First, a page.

of 15 percent on dividends. No tax will be chargeable in the source country

on dividends where a beneficially entitled company resident in the other country

holds 80 per cent or more of the voting power of the company paying the dividends

and satisfies public listing requirements in the Limitation on Benefits Article.

A limit of 5 per cent will apply for other company shareholdings of 10 per

cent or greater.

These limits will apply to both franked and unfranked dividends.

No limit will apply to the tax that can be charged by the United States on

dividends paid on certain substantial holdings of Australian residents in United

States real estate investment trusts (REITs). In practical terms this means

that tax on these dividends will increase from 15 per cent to the current United

States domestic law rate of 30 per cent. The 15 per cent rate will be retained

for REIT investments made by certain listed Australian property trusts subject

to the underlying ownership requirements not exceeding certain levels. Existing

investments in REITs by listed Australian property trusts acquired before 26

March 2001 will be protected from the increased rate.


Source country tax on interest will continue to be limited to 10 per cent.

However, no tax will be chargeable in the source country on interest derived


  • a government body of the other country (including a body exercising governmental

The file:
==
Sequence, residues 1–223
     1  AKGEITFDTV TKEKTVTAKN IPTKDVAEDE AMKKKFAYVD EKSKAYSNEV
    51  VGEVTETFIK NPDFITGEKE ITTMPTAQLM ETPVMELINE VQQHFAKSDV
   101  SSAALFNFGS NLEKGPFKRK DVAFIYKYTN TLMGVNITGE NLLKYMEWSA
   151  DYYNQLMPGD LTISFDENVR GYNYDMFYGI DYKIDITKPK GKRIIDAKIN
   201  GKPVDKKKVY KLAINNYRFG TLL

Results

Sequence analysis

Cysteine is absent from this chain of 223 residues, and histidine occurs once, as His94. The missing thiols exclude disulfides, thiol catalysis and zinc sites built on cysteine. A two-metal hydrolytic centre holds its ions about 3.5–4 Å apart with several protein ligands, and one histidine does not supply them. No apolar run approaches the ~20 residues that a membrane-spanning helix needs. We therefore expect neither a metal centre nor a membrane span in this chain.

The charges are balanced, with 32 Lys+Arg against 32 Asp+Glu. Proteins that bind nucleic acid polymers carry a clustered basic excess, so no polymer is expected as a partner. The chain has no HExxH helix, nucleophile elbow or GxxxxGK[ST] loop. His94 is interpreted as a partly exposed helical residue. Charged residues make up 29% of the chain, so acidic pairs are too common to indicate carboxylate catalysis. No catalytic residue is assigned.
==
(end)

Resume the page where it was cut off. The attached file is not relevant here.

functions or a bank performing central banking functions); or

  • a financial institution resident in the other country (subject to certain


Rules consistent with United States tax treaty policy and practice will allow:

  • interest calculated by reference to the profits of the payer to be taxed

    at a higher 15 per cent rate (ie, at the same rate that generally applies

    to dividends); and

  • tax to be charged on notional intra-entity interest payments between a

    branch and its head office.


The limit on source country taxation of royalties will be reduced from 10 to

5 per cent.

In addition, amounts derived from equipment leasing (including container leasing)

will be excluded from the royalty definition. Exclusive residence country taxation

will apply to amounts derived from the leasing of containers used for international

transport. Amounts derived from other types of equipment leasing will be treated

as business profits.

A comprehensive Alienation of Property Article consistent with Australia’s

current treaty practice will apply (including a source country sweep-up provision

that allows the source country to tax capital gains not otherwise dealt with).

New rules will remove double taxation of capital gains in the case of departing

residents and ensure that foreign tax credit rules operate effectively for them.

The Protocol will update the existing Convention in various respects in line

with Australia’s current tax law and treaty policies and practice. Among these

are a revised list of taxes covered by the Convention, a clause to provide that

non-resident beneficiaries of a trust will be deemed to have a permanent establishment

in Australia if the trust has a permanent establishment, a revised article on

shipping and air transport and a revised article on other income.